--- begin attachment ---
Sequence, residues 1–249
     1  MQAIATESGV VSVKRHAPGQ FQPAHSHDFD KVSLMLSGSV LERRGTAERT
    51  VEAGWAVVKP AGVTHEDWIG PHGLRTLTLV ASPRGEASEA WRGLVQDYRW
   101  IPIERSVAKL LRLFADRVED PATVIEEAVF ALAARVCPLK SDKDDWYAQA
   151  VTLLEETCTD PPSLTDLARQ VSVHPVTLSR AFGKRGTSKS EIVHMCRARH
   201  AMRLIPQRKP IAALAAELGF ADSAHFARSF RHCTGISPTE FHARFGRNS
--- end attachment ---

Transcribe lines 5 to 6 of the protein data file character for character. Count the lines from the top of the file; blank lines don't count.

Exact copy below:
   151  VTLLEETCTD PPSLTDLARQ VSVHPVTLSR AFGKRGTSKS EIVHMCRARH
   201  AMRLIPQRKP IAALAAELGF ADSAHFARSF RHCTGISPTE FHARFGRNS